Main cast: Ralph Fiennes (Evgeny Onegin), Liv Tyler (Tatyana Larina), Toby Stephens (Vladimir Lensky), Lena Headey (Olga Larinа), Martin Donovan (Prince Nikitin), Alun Armstrong (Zaretsky), Harriet Walter (Madame Larina), Irene Worth (Princess Alina), Jason Watkins (Guillot), Simon McBurney (Triquet), Gwenllian Davies (Anisia), Margery Withers (Nanya), and Geoff Mcgivern (Andrey Petrovitch)
Director: Martha Fiennes
The Fiennes family project, Onegin, is based on Alexander Pushkin’s poem. Both the Fiennes family and Mr Pushkin demonstrate that they have absolutely no clue how real women behave. If they do, they don’t show it here. Liv Tyler’s pivotal character Tatyana comes off as nothing more than a male fantasy of martyr/illicit lover. Utterly unreal, therefore robbing this movie of any dramatic impact of Evgeny Onegin’s emotional breakdown.
Onegin is a Russian nobleman who inherits a country estate. In escaping bankruptcy, he finds himself bored to death instead. His most tolerable buddy is Lensky, a budding poet, whose sister falls for Onegin. Alas, Onegin deems himself too cool to love. What now?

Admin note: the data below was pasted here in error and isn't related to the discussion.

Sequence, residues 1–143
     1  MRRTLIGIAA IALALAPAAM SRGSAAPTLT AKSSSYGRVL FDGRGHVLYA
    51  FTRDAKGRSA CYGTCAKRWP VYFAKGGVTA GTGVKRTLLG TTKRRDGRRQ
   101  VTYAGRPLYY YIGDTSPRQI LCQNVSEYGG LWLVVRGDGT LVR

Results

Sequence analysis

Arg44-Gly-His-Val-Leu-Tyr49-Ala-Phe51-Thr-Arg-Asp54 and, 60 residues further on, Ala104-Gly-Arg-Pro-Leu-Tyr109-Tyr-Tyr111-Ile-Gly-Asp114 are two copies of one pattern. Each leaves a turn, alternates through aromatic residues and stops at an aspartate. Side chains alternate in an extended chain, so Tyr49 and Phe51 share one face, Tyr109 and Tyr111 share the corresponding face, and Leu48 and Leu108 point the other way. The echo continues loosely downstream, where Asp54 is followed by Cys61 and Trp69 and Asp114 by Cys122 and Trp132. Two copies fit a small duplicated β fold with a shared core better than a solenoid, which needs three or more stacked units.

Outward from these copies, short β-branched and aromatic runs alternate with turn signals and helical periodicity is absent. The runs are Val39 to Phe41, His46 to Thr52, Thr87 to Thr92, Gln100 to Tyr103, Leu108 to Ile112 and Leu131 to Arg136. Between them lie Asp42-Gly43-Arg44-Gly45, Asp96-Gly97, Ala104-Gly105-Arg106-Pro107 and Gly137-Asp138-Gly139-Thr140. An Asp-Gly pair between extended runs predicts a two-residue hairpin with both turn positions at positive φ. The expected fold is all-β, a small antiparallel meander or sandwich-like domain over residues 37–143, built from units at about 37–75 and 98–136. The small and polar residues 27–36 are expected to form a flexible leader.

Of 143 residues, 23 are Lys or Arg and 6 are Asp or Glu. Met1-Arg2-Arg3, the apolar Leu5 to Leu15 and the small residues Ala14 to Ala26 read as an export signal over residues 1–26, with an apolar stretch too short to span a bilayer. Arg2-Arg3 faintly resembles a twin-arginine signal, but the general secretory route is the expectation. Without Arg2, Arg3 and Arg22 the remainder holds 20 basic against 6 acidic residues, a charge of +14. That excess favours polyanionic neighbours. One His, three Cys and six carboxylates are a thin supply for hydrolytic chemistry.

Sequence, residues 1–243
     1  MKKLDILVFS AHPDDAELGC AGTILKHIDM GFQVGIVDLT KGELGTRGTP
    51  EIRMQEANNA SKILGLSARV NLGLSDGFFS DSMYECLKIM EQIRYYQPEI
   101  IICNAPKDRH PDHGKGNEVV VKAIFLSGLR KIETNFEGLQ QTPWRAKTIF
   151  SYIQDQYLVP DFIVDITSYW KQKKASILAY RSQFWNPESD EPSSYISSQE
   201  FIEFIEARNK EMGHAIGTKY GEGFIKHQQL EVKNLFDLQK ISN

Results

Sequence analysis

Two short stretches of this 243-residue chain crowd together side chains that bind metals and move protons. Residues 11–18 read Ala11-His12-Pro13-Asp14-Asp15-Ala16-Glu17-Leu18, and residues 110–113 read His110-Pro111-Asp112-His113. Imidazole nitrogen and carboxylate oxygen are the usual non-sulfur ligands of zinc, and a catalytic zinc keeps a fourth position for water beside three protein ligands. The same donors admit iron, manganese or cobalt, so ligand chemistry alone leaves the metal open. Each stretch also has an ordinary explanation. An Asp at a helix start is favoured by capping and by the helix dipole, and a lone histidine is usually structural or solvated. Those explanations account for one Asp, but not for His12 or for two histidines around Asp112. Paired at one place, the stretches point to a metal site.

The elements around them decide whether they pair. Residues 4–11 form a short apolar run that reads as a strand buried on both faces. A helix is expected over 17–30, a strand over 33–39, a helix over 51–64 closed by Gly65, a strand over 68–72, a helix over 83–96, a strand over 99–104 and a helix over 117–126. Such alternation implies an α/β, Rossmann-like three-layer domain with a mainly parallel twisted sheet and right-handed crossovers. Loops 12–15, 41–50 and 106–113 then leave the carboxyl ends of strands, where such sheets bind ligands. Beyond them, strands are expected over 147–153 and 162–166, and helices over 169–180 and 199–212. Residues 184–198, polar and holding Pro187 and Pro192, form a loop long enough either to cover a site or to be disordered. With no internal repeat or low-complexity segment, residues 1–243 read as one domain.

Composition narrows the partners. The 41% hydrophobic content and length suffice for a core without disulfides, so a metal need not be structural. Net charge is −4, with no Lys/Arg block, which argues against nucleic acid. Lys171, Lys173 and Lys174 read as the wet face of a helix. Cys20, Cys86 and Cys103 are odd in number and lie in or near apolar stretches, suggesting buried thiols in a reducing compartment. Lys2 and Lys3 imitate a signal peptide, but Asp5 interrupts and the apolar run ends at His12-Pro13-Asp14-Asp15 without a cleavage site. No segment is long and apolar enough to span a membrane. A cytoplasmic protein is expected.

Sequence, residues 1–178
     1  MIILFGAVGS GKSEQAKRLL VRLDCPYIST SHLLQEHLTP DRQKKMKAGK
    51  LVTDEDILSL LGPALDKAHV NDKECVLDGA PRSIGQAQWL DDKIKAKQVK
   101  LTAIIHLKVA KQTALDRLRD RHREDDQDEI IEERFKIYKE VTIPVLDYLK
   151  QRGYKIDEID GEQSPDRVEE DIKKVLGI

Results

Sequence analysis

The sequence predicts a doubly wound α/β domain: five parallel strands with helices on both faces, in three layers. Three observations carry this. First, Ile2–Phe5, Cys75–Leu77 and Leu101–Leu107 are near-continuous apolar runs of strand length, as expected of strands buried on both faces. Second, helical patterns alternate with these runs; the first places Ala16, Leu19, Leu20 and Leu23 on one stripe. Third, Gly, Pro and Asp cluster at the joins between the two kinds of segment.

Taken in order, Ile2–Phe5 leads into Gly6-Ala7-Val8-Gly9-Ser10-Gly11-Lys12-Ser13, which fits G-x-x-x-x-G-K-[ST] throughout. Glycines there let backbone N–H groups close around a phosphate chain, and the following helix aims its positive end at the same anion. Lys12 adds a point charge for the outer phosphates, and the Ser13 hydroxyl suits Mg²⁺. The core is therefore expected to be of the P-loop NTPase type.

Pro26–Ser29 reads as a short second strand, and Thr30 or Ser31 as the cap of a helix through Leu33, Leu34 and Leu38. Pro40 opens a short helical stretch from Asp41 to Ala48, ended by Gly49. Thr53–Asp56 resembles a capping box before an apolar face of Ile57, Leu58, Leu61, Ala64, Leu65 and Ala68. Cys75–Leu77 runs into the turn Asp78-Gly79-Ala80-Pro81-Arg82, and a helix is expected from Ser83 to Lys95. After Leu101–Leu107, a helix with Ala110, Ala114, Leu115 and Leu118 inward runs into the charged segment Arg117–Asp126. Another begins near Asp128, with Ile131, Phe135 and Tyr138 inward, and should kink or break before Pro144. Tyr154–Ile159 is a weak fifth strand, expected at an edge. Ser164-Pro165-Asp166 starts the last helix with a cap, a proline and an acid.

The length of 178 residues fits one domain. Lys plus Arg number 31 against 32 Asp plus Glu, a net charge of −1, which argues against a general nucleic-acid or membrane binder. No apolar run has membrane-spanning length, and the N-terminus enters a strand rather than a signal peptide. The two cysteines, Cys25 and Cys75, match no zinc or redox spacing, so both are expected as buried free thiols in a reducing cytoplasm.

Onegin is depicted as a tale of unrequited love. Really? I have no idea why Tatyana loves him that much. The final scene, which is a make-or-break moment for Onegin’s character, doesn’t make sense. The whole story is nothing more than a self-absorbed man’s tale of narcissistic indulgence.
And underneath the pretentious arty-farty aspirations, Onegin is just a tale of a dirty pervert’s fantasy of seducing that innocent jail bait next door without facing the consequences. Alexander Pushkin, that creep.